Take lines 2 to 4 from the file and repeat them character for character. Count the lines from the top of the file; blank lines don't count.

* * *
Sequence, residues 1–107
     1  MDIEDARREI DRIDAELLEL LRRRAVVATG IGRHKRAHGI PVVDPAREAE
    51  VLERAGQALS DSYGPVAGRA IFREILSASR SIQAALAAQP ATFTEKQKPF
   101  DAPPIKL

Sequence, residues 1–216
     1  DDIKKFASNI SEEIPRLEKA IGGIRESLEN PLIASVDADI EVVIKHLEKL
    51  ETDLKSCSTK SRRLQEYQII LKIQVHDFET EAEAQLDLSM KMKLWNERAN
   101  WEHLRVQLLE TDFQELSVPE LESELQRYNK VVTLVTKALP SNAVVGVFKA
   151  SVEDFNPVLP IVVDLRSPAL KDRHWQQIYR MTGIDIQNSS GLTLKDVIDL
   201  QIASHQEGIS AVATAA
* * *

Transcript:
     1  MDIEDARREI DRIDAELLEL LRRRAVVATG IGRHKRAHGI PVVDPAREAE
    51  VLERAGQALS DSYGPVAGRA IFREILSASR SIQAALAAQP ATFTEKQKPF
   101  DAPPIKL